Karen Hunter: Rubble (Monkey)

 |   |  <1 min read

Karen Hunter: Drunk & Disorderly
Karen Hunter: Rubble (Monkey)

The guy who wrote the liner notes for this long overdue album by Auckland singer-songwriter Hunter -- it was me actually -- says he can well remember the first time he saw her perform: it was over 15 years ago and she stood so far outside the self-proscribed parameters that most musicians put on themselves you couldn't help but be stunned.

Hunter rocked from powerchords to soft acoustic balladry, embarked on free-flying spoken word, had a slippery jazz quality, and at other times she sounded like a folk singer.

She was "alt" long before there was "alt", if you know what I mean.

She continued her idiosyncratic path for many years but with little reward or comprehension from critics, then these past few years took time off to study jazz. My guess is she probably could have taught her tutors a thing or two.

The result is this album which is much more musically coherent than her previous outings (do yourself a favour and find The Private Life of Clowns and InsideOutside however), and in places owes more than a little to the early sound of Tom Waits and Rickie Lee Jones.

But those are only the most obvious references and keen ears will hear much more in the emotional depth of these songs. And some strange soundbeds for her lyrics.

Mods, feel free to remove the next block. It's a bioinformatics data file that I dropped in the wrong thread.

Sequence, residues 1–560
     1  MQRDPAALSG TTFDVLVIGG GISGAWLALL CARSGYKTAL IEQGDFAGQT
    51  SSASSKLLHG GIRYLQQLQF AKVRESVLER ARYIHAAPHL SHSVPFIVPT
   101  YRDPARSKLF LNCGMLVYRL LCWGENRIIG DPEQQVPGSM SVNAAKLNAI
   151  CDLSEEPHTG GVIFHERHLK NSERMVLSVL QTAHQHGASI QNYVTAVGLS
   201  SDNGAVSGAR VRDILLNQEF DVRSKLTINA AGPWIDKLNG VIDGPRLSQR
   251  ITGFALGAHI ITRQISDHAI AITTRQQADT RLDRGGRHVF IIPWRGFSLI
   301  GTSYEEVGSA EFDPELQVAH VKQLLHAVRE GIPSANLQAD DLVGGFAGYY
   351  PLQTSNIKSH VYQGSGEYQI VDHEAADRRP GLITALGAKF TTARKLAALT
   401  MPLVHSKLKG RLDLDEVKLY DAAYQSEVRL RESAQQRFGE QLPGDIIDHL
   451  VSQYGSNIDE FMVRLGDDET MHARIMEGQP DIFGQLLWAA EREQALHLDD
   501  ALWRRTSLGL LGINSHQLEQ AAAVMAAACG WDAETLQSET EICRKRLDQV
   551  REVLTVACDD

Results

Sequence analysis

Karen Hunter is one of a kind, and this album is further proof of that.

Share It

Your Comments

post a comment

More from this section   Music articles index

Marissa Nadler: Little Hells (UN SPK)

Marissa Nadler: Little Hells (UN SPK)

Sounding as if she is being beamed in from some strange part of space down a shimmeringly beautiful cosmic line, this dreamy alt.folk singer from Boston manages to bring together a slightly eerie... > Read more

Trappist Afterland Band: Like a Beehive, the Hill was Alive (theactivelistener)

Trappist Afterland Band: Like a Beehive, the Hill was Alive (theactivelistener)

While we here at Elsewhere have observed the steady rehabilitation and rise again of prog-rock -- albeit in a more focused form than its ancestors in the early Seventies -- it's pleasing to note... > Read more

Elsewhere at Elsewhere

WE NEED TO TALK ABOUT . . . BARRY GOLDBERG: From lost in the basement to Light in the Attic

WE NEED TO TALK ABOUT . . . BARRY GOLDBERG: From lost in the basement to Light in the Attic

The cobwebs are brushed back to reveal a door with a rusty lock. It gives way to a hefty shove and the light from the flaming torch illuminates rows of dusty boxes and there in one way at the... > Read more

The Chicks: The Rebel Kind (1966)

The Chicks: The Rebel Kind (1966)

New Zealand has no great tradition of political pop or rock. All those years of high unemployment during the Flying Nun heyday . . . and who mentioned it? Very few. Even the Springbok tour in... > Read more